• Hormiga  February 2, 2018

      > For example, maybe Jesus could have mentioned something about biology or astronomy that was not known at the time.

      Yes, you could put a fairly decent description of the Solar System, complete with numbers, in a reasonable-sized paragraph. Or Kepler’s three laws in a couple of sentences. The audience of the time might have had little idea of what was being described, but making it part of Scripture would have preserved it for later generations. (Of course, Christians at the time apparently weren’t all that concerned with the problem of later generations.)

    • Pattylt  February 3, 2018

      Don’t extend that theory to Muslims! I have listened to several Muslims that insist that the Quran has scientific knowledge that was unknown at the time (example: Allah formed you from a clinging clot of blood as knowledge of conception). Unfortunately it requires a bit of exegesis to actually be scientific but they delight in pointing these “scientific” bits out to show the superiority of their faith. If the NT had anything similar, Christians would do likewise. I had a fundamentalist acquaintance that tried to claim that the Bible knew about pi but couldn’t include the decimals because they didn’t know how to write 3.1412 versus 3! Many Christians seem very insecure and anxious about their texts. Faith is hard when modern society has shifted to an evidence based mindset.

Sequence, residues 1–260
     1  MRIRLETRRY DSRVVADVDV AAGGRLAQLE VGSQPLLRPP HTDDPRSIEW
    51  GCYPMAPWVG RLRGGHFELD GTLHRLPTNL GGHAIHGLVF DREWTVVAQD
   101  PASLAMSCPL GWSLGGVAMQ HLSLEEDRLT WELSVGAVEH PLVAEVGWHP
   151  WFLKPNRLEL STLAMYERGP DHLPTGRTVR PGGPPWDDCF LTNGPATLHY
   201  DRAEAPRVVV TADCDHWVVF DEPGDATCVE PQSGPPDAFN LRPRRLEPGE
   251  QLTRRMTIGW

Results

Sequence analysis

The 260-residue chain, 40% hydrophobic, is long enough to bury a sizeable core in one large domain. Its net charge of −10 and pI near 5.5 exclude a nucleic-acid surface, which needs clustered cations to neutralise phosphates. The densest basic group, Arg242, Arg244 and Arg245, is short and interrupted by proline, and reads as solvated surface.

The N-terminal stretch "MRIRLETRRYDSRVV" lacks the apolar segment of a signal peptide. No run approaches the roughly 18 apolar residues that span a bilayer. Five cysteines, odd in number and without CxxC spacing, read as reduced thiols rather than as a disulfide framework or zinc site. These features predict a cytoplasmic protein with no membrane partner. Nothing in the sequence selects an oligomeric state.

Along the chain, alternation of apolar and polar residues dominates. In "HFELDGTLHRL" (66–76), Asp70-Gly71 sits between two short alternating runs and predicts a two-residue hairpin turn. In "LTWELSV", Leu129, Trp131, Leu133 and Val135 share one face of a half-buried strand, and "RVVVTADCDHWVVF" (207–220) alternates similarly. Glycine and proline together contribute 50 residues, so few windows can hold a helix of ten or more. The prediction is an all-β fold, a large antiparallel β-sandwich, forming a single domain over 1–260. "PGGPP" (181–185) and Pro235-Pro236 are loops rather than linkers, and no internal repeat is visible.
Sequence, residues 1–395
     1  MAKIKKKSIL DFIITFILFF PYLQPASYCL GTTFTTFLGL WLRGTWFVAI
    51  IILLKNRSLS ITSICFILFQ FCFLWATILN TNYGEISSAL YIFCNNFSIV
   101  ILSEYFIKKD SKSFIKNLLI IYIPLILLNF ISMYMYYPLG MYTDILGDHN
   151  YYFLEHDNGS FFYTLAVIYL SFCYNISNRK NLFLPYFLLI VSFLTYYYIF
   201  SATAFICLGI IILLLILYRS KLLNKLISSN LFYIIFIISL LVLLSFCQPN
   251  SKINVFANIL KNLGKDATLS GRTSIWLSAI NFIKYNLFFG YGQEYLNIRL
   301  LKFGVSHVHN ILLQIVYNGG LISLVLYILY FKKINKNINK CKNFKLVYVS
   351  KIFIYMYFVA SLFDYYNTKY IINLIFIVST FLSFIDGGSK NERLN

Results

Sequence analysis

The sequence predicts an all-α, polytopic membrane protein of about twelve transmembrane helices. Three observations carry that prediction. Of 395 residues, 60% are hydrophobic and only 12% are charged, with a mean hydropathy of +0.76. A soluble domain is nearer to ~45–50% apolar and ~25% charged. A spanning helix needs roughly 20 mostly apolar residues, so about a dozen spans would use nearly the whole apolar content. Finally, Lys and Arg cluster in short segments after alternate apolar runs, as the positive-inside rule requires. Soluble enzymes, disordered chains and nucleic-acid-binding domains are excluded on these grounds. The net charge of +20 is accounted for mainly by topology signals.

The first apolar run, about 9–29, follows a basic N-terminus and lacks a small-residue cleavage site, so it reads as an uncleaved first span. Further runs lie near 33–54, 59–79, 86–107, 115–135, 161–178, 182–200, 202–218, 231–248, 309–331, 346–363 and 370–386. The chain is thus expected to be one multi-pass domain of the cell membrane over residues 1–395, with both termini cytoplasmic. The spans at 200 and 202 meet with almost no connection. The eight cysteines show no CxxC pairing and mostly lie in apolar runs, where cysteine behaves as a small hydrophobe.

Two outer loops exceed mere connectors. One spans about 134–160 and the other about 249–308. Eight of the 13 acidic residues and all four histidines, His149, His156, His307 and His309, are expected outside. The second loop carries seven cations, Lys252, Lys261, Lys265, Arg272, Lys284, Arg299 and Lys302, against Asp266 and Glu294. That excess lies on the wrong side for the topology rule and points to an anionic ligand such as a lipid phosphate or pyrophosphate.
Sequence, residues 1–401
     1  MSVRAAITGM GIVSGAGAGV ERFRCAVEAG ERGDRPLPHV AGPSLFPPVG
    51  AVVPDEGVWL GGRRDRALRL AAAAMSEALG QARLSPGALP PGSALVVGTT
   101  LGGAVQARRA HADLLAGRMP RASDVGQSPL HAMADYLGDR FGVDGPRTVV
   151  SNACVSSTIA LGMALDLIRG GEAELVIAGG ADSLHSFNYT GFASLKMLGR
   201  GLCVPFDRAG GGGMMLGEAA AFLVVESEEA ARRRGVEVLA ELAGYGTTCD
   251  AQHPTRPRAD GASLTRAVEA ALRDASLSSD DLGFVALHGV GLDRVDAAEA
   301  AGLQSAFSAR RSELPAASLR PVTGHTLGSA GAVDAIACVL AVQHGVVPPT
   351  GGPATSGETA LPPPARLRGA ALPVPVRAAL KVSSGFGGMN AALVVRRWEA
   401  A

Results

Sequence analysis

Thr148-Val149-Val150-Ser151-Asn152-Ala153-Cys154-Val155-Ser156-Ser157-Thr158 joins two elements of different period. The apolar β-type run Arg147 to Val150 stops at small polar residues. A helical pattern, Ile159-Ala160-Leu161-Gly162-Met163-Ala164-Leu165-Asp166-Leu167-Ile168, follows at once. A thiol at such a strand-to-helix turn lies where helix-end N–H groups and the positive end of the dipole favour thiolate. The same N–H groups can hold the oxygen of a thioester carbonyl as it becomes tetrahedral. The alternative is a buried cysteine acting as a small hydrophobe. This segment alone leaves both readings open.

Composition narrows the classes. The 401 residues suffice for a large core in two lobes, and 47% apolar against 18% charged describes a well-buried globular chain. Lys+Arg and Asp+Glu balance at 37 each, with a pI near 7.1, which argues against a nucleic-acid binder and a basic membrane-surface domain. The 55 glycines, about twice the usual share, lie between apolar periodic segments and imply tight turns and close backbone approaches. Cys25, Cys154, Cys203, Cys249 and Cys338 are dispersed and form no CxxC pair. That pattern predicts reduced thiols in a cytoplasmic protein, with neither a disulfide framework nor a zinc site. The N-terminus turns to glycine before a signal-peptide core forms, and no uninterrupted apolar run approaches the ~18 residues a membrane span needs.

• Hank_Z  February 9, 2018

        And if someone in the Bible wrote that pi equals 3.1412, that would have been as wrong as it is now. Close, but wrong.

    • meohanlon  February 4, 2018

      Even if he had made such prescient claims, they might’ve seemed, to Jesus’s audience, too incredible, too nonsensical even, to be included by a writer or vocal supporter wanting to persuade the larger community of his wisdom. Now if he’d been in India then, or Athens, some 400 years earlier, he might have found a more welcoming audience for such ideas.

  13. godspell  February 1, 2018

    In my experience, nothing is more outrageously controversial than stating the known facts to people who don’t want to hear them (even if they already know them).

    And really, you only have to read the comments section to any current front page news article to know that.